London Free Press – Canada
By Greg Burliuk
No one can accuse The Wailin’ Jennys of not being egalitarian.
On each of their three studio CDs, each of the trio has contributed four songs.
And everyone is encouraged to pursue a solo career apart from the group. This has been accomplished despite inserting a new member into the lineup for every album.
The Winnipeg-tied group with the heavenly harmonies plays Aeolian Hall on Sunday — Mother’s Day — at 8 p.m. London singer-songwriter Pete Denomme is also on the bill.
In February, the Jennys’ latest CD, Bright Morning Stars, was released. Joining founding members Ruth Moody and Nicky Mehta of Winnipeg, is Heather Masse, a native of Maine.
And why the equal split of songwriting chores?
“We’re all songwriters and we never started with the intention of being a band,” says Mehta, who lives with her husband and baby twin sons on an organic fruit farm near Santa Cruz, Calif.
“We were a band of soloists who all had solo careers going so we just stuck to the formula where we each contributed four songs to an album.”
The original trio had Mehta and Moody with Cara Luft for a one-off concert by a Winnipeg guitar store owner. It was so successful they decided to stay together and jokingly chose a band name, a play on the name of the late country singer Waylon Jennings.
They won a Juno Award for their first full-length CD, 40 Days, in 2005. After a second successful album, Firecracker in 2006, a year later Masse took over from Luft’s replacement, Annabelle Chvostek.
You’d think finding a new recruit wouldn’t be easy, given that exacting standards were required. “First of all their voice had to blend in with ours,” says Mehta. “Then they had to be able to write their own music, play on a couple of instruments and be available to tour.”
“We put feelers out to the musical community and we were talking to Aoife O’Donovan (from the Boston alt bluegrass band Crooked Still), who mentioned Heather. She came to see us when we were in Boston and auditioned with us in the bathroom of the concert hall.”
It may have three songwriters but Bright Morning Stars is a seamless garment that seems to have been sewn by one hand. It also seems timeless as if it could have been written anytime in the last 50 years.
“We all do have similar questions about the world and how we see it,” says Mehta. “We like to refer to nature and other timeless themes in our writing.”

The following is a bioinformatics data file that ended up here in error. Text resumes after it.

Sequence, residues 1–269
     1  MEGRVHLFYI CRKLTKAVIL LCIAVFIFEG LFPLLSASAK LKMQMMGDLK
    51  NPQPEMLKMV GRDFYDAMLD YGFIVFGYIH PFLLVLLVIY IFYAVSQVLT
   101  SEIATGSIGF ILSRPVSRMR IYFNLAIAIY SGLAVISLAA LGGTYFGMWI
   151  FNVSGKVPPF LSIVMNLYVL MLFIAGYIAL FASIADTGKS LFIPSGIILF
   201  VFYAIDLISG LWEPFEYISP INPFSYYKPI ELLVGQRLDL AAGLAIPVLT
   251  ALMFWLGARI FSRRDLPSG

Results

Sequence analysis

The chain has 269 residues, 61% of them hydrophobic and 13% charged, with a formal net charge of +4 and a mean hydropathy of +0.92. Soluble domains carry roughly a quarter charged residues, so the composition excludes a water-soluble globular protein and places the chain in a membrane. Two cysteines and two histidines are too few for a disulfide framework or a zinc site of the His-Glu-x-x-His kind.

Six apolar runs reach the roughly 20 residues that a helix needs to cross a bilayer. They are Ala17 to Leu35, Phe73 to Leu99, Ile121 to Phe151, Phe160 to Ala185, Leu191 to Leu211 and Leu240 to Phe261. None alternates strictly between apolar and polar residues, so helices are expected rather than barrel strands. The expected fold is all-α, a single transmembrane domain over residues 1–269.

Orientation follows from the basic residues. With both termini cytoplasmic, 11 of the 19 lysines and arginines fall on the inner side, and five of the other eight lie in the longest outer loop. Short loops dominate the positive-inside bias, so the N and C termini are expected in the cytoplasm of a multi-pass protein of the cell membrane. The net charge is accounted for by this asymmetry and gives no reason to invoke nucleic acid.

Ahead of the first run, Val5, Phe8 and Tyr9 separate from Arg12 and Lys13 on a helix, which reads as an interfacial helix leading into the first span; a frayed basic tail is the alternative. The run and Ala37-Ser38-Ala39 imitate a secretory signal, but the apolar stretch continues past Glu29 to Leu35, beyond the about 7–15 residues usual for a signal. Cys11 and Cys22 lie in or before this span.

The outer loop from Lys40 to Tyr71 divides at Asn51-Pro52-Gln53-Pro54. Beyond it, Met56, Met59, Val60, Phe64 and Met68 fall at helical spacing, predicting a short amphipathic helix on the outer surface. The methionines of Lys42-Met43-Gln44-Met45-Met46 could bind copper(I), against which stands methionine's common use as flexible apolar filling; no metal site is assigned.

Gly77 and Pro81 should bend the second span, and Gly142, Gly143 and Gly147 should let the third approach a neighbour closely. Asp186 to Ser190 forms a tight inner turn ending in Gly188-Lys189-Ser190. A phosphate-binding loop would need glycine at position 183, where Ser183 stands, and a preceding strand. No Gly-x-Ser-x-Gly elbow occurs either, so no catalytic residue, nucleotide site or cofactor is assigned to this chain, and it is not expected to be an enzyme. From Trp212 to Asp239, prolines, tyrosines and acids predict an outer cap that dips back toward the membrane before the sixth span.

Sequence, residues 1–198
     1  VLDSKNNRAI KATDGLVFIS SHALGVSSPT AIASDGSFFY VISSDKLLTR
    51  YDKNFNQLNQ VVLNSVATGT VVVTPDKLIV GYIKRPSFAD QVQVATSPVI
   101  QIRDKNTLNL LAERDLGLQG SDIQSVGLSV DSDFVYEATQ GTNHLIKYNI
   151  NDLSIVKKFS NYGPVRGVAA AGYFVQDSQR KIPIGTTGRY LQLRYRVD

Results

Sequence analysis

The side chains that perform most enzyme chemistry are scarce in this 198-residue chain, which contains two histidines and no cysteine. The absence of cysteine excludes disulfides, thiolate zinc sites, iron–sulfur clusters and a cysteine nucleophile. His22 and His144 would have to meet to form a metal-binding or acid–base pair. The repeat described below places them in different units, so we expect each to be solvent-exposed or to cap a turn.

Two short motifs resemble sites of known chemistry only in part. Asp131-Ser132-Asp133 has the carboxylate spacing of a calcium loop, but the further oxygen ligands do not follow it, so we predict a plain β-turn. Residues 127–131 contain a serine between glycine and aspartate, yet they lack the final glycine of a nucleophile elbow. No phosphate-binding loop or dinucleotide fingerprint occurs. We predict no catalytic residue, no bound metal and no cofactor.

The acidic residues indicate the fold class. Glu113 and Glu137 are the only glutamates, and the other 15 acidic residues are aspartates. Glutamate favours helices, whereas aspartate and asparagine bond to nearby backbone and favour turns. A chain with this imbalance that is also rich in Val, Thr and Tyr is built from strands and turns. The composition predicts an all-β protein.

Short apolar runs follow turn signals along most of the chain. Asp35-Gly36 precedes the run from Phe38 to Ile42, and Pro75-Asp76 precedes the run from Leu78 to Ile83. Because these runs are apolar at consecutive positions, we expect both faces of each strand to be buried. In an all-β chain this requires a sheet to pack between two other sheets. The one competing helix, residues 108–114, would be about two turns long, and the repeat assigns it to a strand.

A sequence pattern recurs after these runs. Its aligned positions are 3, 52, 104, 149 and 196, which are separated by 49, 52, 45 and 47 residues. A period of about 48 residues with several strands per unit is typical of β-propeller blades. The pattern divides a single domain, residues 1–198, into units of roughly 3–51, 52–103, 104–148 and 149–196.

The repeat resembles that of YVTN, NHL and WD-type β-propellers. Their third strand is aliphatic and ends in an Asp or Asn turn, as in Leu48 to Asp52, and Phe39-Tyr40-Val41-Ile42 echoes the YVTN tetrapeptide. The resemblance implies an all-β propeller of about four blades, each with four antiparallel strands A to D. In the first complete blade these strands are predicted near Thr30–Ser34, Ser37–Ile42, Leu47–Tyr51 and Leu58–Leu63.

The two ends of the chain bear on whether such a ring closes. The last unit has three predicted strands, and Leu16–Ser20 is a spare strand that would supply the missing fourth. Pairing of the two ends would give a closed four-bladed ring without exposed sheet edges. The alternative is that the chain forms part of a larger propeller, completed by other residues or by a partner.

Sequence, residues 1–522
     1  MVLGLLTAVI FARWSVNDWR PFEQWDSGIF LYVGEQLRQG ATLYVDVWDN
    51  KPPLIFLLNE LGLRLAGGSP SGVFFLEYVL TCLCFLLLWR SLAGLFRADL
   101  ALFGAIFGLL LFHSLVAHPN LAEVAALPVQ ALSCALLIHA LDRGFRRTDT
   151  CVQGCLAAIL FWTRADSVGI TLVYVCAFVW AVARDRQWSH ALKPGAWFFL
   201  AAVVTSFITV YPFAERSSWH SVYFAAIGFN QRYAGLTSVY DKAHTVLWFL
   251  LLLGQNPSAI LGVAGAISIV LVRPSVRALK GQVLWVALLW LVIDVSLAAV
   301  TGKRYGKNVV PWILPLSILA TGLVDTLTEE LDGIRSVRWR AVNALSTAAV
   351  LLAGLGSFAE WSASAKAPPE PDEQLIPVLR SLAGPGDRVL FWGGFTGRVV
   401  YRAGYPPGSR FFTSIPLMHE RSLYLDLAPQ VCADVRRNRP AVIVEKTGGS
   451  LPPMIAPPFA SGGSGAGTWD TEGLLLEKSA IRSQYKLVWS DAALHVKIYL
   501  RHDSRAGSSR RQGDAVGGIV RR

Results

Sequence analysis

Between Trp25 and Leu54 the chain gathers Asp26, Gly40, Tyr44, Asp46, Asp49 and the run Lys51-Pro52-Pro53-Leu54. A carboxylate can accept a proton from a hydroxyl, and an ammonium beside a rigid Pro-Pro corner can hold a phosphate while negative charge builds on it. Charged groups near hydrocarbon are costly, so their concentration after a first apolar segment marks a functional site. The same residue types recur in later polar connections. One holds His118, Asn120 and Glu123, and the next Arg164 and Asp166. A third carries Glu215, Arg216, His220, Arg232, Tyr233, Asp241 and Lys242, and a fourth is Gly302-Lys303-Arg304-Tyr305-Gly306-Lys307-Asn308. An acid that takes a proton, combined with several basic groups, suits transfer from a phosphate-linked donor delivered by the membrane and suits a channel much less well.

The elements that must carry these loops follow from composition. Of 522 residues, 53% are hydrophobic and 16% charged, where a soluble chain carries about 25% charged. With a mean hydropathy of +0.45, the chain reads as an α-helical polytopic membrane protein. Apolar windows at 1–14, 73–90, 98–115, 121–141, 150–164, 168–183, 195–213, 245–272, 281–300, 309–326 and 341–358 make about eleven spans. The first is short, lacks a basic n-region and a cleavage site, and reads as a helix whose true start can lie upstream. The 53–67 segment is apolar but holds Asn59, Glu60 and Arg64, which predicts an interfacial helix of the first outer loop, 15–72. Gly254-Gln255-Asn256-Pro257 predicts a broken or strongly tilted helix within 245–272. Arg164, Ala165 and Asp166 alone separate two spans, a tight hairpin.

Still, there are subtle differences in their songwriting styles.
“Heather has a jazz bent,” says Mehta. “Her song Cherry Blossom Love on the new CD, I could never have written in 100 years.”
“Ruth and I are more similar in style. She is a very hooky writer and has a knack for writing very catchy and memorable tunes. I come from more of a pop background. My song Last Goodbye (which closes the album) is pretty poppy I think.”
A song that is special to Mehta on the new album is Away But Never Gone.
“It started out being about a friend who died,” she says. “Then I got pregnant and after I had the twins, I finished it. We are all born and then die. There’s the mystery of where we are when we’re not on the planet. It’s a kind of lullaby.”
Between the babies and the Jennys, Mehta hasn’t had time for her solo career these days.
“That’s especially been the case since we started managing the band ourselves,” she says.
“But we do think we’ll be healthier and happier if we do have the space to pursue solo careers if we want to.”
Denomme is making his Aeolian Hall debut with the Acoustic Music series concert. He released his first full-length album Nice To Be Home in December.
Denomme owns and operates the London Music Club, a listening room that is a favourite of musicians from across the country. He won the 2011 traditional folk/roots Award at the Jack Richardson Music Awards gala last month.
Among the songs Denomme is expected to sing on Sunday is Hyland, about the repertory movie theatre not far from the Denommes’ Old South London home.
“This song was inspired by our Sunday afternoons spent watching movies at the venerable Hyland,” Denomme says of the song.